A visitor checks in at the Sentara Norfolk General Hospital Kaufman Lobby to receive a visitor badge.

Image courtesy of Sentara Healthcare

Health care workers are five times more likely to experience a workplace violence injury than all other workers, according to data released in 2020 from the Bureau of Labor Statistics. This places great strain on the health care delivery system, as violence has a lasting impact on the workforce, often resulting in psychological distress, higher job dissatisfaction and turnover. It also impedes clinicians’ ability to provide high-quality patient care. 

In response, hospitals and health systems are stepping up efforts to ensure workplace safety. Through comprehensive violence prevention programs and heightened access and security measures, hospitals are working to turn the tide on this disturbing trend. 

For many patients and visitors, this means the next visit to the hospital or clinic may resemble attending a concert or sporting event. To increase security and enhance access control, some hospitals and health systems are adopting badging and weapon detection systems like those used at public event venues.

Duke University Health System, based in Durham, N.C., installed weapons detection systems at the main public entrances to its three hospitals earlier this year. While metal screenings have been in place in the organization’s emergency departments for several years, the expansion seeks to enforce its weapons-free campus policy. 

Patients and visitors can pass through the devices without having to empty pockets and bags or remove their belts, while staff with badges can bypass the screenings. Signage alerts visitors to the process and reminds them to leave their weapons behind or they will be confiscated. Visitors who do not comply will not be allowed to enter the building. Other enhanced security measures at Duke include additional emergency alert support to care teams and posted signage that aggressive behavior will not be tolerated.

A high-level threat assessment at Sentara Healthcare in Norfolk, Va., identified access control as a top safety concern. 

“Nobody knew who was supposed to be in the building and why,” says Stephen Hollowell, Sentara’s senior director of systemwide security. In response, the organization has rolled out a new badging system across all 12 Sentara hospitals.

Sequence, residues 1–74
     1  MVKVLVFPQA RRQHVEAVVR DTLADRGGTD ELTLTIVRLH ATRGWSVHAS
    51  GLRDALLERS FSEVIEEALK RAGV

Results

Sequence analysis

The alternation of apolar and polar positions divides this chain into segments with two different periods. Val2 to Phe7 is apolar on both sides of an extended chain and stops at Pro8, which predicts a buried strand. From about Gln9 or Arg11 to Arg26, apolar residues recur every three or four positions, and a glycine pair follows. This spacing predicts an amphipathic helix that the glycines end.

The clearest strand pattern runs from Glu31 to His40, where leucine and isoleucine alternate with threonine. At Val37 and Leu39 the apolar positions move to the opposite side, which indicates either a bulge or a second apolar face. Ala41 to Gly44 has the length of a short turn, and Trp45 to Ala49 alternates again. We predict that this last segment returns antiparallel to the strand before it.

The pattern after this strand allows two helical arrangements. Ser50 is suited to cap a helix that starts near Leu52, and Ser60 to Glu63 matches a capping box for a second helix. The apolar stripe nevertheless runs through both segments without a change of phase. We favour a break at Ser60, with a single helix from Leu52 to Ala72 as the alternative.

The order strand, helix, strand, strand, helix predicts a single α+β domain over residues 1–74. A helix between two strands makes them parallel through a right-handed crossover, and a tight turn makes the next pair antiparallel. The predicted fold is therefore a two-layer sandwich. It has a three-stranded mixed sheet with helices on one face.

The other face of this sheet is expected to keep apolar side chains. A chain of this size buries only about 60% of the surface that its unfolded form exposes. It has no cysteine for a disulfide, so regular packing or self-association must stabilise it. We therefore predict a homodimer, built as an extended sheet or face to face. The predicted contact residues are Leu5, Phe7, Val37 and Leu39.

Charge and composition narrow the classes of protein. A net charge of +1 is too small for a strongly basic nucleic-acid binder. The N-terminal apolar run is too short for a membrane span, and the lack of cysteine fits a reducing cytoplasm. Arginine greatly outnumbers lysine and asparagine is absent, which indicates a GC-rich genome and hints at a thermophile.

All visitors must stop and check in with reception for a personalized badge. Visitors must show a photo ID and tell the receptionist their destination in the building. Visitors will have their photo taken for printing on a visitor badge they must wear at all times. Individuals spotted without a badge are instructed to visit the registration desk to receive one. Sentara does make exceptions for visitors who do not have a photo ID or are culturally averse to having their photo taken, says Samantha Kern, Sentara’s director of patient care services. 

“We believe this system is necessary to keep staff, patients and visitors safe,” Hollowell says. The system is working, he adds. People who were flagged in the system for previous bad behavior have been denied entry. 

Increased reports of violence from member organizations prompted the Massachusetts Health and Hospital Association (MHA) to form a multidisciplinary work group six years ago to better understand the risks and develop best practices to address workplace violence. According to a January 2023 MHA report, employees in Massachusetts health care facilities experience abusive incidents, including physical assault, verbal abuse or threats, every 38 minutes. 

MHA began conducting a monthly survey in 2020 that tracks the frequency, location and types of violence committed on hospital campuses. Hospital CEOs receive hospital-specific findings as well as overall survey results to help develop safe work environments. 

The results have led to the implementation of numerous best practices in hospitals across the state, including expanded training programs, the use of emergency response teams to de-escalate potential events and the development of a patient code of conduct that sets clear expectations for patient and visitor behavior. 

“There are many resources available to health care organizations to help address workplace violence,” says Patricia Noga, MHA’s vice president of clinical affairs. “It’s important to share best practices and experiences to ensure safety for our employees, patients and families.”